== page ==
Mr Editor, except I am reading the editorial wrong, and I apologize if I do, I do not believe anyone should know VP overseer Tambajang in order to be hired as a Supreme Court Judge. According to an editorial on Freedom newspaper online May 24, 2017, one particular paragraph in part states that “now we are hearing that Alfa Barry’s sister is married to lawyer Omar Njai. Mr. Njai was recently hired as a Supreme Court Judge. The VP overseer’s signature is all over the place. This is scary Gambia. She wants to run the government as a family enterprise”.

Of course, it is correct that Mrs Fatoumatta Tambajang is an aunt to Alpha Barry and Omar Njai’s wife but let’s understand that the office of a Supreme Court Judge in the Gambia does not attract too much money in the first place. Except if the remuneration package for Supreme Court Judges have been revised by the Barrow government, they do not earn too much. To be clear to the Gambians, the Vice President overseer does not sit in the Judicial Service Commission which recommends the appointment of a Supreme Court Judge.

I know for sure that Omar Njai has been running his practice way back in 1992 thereabout so this guy has the credentials to be a Supreme Court Judge. Omar Njai taking up an appointment as a Supreme Court is just a display of good statesmanship. Many Gambians will agree with me that in the Jammeh regime, Gambians shy away from taking such appointments because it was like a “hire and fire” scenario and that is why most lawyers preferred to stay in private practice. I am of the conviction that many Gambians will now want to work in the Gambian judiciary in this post Jammeh era. The appointment of Hassan B. Jallow as Chief Justice of the Gambia is a clear example of the fact that the Gambian Judiciary is falling back into the hands of Gambians.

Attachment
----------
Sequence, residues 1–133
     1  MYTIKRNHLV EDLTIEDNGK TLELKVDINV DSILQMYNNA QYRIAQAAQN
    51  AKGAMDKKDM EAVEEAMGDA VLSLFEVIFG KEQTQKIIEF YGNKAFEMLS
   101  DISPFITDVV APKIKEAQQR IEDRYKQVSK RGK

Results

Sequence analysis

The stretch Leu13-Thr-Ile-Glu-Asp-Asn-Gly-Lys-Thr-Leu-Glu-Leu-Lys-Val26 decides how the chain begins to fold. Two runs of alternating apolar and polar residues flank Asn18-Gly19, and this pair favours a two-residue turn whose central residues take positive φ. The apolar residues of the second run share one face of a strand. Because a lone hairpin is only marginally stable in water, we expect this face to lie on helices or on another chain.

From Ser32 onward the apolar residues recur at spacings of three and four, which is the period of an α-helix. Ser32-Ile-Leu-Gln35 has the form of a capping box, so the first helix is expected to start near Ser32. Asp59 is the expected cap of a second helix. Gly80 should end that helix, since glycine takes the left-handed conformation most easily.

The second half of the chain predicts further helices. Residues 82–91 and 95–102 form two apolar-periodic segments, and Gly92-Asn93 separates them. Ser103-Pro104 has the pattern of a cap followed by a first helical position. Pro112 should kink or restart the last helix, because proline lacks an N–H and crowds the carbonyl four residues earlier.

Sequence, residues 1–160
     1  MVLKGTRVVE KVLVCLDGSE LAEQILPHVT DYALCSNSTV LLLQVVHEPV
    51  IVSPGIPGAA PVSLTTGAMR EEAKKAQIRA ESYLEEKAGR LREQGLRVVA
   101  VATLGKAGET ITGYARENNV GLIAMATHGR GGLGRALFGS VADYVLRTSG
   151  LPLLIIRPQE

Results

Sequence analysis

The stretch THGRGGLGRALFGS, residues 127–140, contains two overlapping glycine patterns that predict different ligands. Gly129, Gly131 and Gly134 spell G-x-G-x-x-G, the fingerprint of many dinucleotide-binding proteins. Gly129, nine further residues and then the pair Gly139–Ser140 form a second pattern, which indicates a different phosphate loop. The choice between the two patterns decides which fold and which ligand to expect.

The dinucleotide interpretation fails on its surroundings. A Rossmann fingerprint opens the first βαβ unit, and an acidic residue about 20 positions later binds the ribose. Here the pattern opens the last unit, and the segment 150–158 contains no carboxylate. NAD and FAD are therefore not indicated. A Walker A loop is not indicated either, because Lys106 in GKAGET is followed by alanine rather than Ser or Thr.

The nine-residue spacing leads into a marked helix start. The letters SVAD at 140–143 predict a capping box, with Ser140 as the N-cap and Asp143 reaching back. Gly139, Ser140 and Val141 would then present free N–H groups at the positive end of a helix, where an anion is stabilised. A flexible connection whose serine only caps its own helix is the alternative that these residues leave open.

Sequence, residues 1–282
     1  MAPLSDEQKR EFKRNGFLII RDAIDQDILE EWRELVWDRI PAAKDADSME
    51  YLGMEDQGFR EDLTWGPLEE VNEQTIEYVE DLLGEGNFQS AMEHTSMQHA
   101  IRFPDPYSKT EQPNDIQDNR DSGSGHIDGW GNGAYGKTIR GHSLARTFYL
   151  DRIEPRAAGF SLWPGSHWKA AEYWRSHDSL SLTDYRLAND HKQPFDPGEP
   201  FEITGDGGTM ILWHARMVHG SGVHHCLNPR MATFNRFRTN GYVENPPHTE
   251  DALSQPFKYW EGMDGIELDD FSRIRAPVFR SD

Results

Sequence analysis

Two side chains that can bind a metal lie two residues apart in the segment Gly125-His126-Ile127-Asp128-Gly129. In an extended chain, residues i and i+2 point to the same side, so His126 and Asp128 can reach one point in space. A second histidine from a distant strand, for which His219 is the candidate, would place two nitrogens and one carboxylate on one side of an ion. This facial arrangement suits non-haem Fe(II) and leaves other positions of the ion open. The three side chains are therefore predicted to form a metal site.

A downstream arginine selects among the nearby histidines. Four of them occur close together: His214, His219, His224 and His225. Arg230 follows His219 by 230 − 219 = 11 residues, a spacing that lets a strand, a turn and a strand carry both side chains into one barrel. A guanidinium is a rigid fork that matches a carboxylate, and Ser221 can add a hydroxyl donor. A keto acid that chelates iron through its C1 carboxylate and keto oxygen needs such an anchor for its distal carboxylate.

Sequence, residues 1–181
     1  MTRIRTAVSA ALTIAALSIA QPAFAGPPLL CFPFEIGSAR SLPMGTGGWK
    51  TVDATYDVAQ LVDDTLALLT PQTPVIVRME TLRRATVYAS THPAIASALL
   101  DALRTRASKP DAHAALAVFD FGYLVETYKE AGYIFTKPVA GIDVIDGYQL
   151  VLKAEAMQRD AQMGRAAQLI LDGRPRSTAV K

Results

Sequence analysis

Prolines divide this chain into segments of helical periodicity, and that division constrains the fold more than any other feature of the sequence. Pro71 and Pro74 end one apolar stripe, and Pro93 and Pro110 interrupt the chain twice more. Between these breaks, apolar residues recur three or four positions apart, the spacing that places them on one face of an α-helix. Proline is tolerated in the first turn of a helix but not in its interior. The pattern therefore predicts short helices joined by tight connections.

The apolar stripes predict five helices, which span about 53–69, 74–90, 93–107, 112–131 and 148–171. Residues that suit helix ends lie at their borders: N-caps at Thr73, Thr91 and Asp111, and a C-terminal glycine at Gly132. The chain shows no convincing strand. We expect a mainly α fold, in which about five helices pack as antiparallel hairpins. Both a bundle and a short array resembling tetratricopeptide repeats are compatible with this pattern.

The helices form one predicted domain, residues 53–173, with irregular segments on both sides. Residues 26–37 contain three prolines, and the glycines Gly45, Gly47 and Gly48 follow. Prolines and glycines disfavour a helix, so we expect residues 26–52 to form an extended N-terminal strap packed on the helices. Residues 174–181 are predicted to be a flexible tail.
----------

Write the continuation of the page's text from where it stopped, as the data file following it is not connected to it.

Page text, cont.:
Also, in one of the articles written by Pa Njie Girigara recently, he made mention of Justice Mam Yassin Sey. It is not clear to me whether she came back to the Judiciary but if that is the case, it just goes to prove that Gambian legal luminaries are just sacrificing for the betterment of the Gambia.

Quote of the day: Anything is better than Yahya Jammeh.

Written by Ebou Ngum in Everett Washington

Editors note: Mr. Ngum, thanks for the rejoinder. At a personal level, I equally know Mr. Omar Njai. He is a good man. He has long been practicing law; with a wealth of experience.

In fact, I was told by a colleague of Omar that Mr. Njai, had long wanted to serve the bench, but it was during Barrow’s government that God had predestined his ambition to become a judge. Perhaps, he doesn’t want to serve during Jammeh’s watch–given the lack of job security, and tenure for members of the Bench. That’s understandable. 

The law profession is no longer lucrative in the Gambia, compared to the former administration of President Jawara, in which lawyers used to win big cases, retained by companies and parastatals.

Mr. Njai is the son of the late businessman Momodou Musa Njai. He is from a wealthy family, based on Gambian standard.

But the truth be told, the VP overseer is pulling the strings from afar. Folks have been hired–thanks to her meddling into government hiring process. There is a documented evidence of her meddling into the hiring process. 

Legally speaking, it is not within her purview to recruit judges. That’s the job of the Judicial Service Commission, in consultation with the president. But that’s not happening. All hiring have been channelized to the Vetting Committee, which she headed. 

Your quote of the day is misguided–given the lack of faith you had in honest Gambians to run the affairs of the state. By default, you implied that Gambians will rather put up with a dog to rule them than Jammeh. Yes, Jammeh is bad, but that shouldn’t render “desperate folks” of your caliber to accept phony characters to pull the strings in this new government. I prefer an honest dog to run the State House than a phony dishonest dog. I prefer a non thief to run the state than a thief. We rest our case. 

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